As you invest, it is important to know about how you are doing.  It is easy to see how your individual investments are doing each year.  They report to you their time-weighted return.  Of course, that isn’t the return you generate.  You get a dollar-weighted return.  It turns out that the dollar-weighted return for most investors is far lower than the time-weighted return of their investments.  This occurs mostly due to performance chasing and the buying high/selling low phenomenon that results from it.

While I don’t think you need to look at your investments every day, or even every month, from time to time you ought to check in and see how you are doing.  If you don’t know what returns you have been getting, it is hard to gauge how well you are progressing toward your goals.  It is also easier to get sucked into investments that promise a high return, but don’t actually deliver.  In short, being able to calculate your own return empowers you as an investor.

The best way to calculate your return is to use the Excel XIRR function (also available with other spreadsheets and financial calculators).  This gives you a dollar-weighted return because it takes into account the timing and amount of your cash flows into and out of your retirement funds.  It is surprisingly easy to calculate.  All you need to know is the amounts you have put in or taken out of the account and the dates on which you did that.  Here’s a quick tutorial:

Put the amounts of your cash flows into column A. Amounts you contributed to retirement and other investment accounts are positive.  Amounts you took out are negative.  The last entry should be the current amount you have, as a negative number.  Put the dates of the cash flows into column B.  You need to use the excel DATE function to do this.  It looks like this: =DATE(2004,8,16) where 2004 is the year, 8 is the month, and 16 is the date.

Now, in another cell, put in the XIRR function.  It looks like this: =XIRR(A1:A10, B1:B10, 5%) where your cash flows are in cells A1 to A10, your date functions are in cells B1 to B10, and 5% is your estimated return.  (If left blank, it defaults to 10%.)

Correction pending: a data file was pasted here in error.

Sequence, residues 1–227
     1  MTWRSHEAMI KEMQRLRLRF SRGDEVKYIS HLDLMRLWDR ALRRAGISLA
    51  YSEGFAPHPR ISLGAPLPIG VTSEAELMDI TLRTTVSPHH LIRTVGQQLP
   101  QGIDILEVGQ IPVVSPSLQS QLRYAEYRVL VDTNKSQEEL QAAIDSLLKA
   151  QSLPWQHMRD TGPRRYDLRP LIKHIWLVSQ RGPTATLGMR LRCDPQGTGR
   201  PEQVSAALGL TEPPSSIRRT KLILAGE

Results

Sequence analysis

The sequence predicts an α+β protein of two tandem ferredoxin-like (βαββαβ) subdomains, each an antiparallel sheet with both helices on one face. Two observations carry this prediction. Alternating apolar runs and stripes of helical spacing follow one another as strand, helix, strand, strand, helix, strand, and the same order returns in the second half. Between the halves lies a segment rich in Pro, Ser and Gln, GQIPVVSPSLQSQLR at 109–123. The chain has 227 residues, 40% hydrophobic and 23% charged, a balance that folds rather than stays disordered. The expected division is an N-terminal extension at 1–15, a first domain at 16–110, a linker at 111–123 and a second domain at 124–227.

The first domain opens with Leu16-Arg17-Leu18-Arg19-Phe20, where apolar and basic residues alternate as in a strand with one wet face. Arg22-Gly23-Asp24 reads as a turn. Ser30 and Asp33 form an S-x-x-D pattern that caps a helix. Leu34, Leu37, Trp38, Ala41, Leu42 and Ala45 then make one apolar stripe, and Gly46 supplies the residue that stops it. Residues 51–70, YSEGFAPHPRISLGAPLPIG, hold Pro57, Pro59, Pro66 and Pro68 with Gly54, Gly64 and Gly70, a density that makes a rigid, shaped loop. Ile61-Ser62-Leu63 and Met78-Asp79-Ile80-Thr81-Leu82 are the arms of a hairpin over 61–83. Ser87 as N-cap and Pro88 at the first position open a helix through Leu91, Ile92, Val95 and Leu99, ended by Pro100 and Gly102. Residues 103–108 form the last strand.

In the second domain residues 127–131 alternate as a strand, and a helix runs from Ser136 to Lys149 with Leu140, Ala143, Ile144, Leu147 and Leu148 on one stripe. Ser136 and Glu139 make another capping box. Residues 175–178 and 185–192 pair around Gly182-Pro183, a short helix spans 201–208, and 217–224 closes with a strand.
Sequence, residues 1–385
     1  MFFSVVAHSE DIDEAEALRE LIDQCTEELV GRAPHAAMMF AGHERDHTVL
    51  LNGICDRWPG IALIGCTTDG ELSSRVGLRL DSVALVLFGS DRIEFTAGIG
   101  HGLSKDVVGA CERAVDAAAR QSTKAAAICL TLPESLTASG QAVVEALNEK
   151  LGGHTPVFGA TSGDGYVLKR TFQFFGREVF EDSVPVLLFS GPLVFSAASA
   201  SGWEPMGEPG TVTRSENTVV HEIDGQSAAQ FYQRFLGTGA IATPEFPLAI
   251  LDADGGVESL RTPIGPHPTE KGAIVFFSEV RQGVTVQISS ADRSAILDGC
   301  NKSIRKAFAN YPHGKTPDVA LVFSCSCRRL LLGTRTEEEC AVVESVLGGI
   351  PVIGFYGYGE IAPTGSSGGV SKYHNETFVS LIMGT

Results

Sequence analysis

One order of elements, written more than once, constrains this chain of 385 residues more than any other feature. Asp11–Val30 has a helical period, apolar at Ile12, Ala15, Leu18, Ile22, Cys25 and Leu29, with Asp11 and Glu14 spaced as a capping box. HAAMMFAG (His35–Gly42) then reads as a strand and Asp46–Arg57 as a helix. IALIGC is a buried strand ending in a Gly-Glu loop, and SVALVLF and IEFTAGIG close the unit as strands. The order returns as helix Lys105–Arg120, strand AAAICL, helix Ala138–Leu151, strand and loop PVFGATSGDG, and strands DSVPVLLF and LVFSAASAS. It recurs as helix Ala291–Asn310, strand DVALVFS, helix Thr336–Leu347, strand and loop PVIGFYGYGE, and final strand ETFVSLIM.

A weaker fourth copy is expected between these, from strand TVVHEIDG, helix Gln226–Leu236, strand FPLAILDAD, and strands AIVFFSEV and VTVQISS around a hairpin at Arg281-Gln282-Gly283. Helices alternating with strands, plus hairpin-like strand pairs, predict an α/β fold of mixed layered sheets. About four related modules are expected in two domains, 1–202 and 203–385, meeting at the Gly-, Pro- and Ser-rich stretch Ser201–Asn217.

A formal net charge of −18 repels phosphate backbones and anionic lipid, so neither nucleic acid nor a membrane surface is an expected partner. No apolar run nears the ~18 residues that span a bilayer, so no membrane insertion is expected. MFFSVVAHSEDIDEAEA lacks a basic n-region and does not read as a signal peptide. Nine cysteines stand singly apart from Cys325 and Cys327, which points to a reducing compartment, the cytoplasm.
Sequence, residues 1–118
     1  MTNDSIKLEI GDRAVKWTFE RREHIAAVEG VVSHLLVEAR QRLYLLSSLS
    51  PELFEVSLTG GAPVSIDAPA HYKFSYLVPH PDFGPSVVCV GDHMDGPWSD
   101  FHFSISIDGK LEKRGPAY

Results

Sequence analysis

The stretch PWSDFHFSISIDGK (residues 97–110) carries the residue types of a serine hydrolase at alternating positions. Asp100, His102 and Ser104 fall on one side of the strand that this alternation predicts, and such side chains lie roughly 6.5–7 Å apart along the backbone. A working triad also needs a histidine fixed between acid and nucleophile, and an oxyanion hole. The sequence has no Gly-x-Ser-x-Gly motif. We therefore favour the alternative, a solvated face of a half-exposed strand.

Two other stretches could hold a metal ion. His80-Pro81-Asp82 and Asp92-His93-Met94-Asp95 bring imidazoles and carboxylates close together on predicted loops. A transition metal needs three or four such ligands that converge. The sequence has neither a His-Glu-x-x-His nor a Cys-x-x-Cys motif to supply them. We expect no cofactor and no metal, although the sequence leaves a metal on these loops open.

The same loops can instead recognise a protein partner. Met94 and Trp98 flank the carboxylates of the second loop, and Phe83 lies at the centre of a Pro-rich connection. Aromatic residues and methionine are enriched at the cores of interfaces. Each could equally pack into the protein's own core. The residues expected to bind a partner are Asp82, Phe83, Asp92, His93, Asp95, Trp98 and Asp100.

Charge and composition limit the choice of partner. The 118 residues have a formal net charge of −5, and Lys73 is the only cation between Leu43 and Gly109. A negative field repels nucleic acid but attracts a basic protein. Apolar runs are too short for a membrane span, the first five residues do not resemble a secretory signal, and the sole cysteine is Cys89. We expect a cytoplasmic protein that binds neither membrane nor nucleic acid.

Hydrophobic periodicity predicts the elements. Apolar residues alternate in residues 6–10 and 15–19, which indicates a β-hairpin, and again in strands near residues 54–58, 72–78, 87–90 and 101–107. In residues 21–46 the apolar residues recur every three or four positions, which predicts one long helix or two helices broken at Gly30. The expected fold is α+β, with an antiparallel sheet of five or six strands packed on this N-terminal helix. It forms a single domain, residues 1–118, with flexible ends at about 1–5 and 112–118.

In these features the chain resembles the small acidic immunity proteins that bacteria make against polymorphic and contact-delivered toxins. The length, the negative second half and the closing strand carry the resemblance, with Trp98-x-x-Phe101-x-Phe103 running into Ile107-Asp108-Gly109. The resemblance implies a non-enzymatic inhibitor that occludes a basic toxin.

Now for an example:

If you want, click on the button in the lower right and follow the directions if you want to download this file to play with it.

Remember that 9.75% is an annualized return, so it means that between 7/11/07 and 5/19/11 this investment returned 9.75% PER YEAR. If your period of time is less than one year, it will also annualize the return. For example, if your period is 6 months, and your return is 5%, then XIRR would return 10%.

If you would like to calculate a year to date return and/or calculate out your return for each calendar year you have had the investment, it only gets a little more complicated. First, you’ll need to add in the value of the investment at the end of each year. I use two entries, the first negative and the second positive, both with the date of 12/31 of the given year. Then, run the XIRR function from the positive entry on 12/31 of one year, to the negative entry on 12/31 of the next. See the next spreadsheet for details of how to calculate returns for partial years, full years, and the year to date.

Play around with it for a few minutes and you’ll figure it out. If you’re a spreadsheet junkie, you can also break it down for each retirement account, or even each individual investment. All you need are your inflows and outflows, and the corresponding dates. If you want to calculate the yearly returns or the year to date return, you’ll also need the year end values of the investments. But you don’t have to take into account fees, commissions, or any dividends or capital gains that are reinvested. Of course, if you don’t reinvest dividends, those should be considered withdrawals from the account, just like fees paid from a separate account, should be considered contributions to the account. XIRR is a powerful function that will allow you to calculate your portfolio’s overall returns, no matter how many different retirement accounts you have.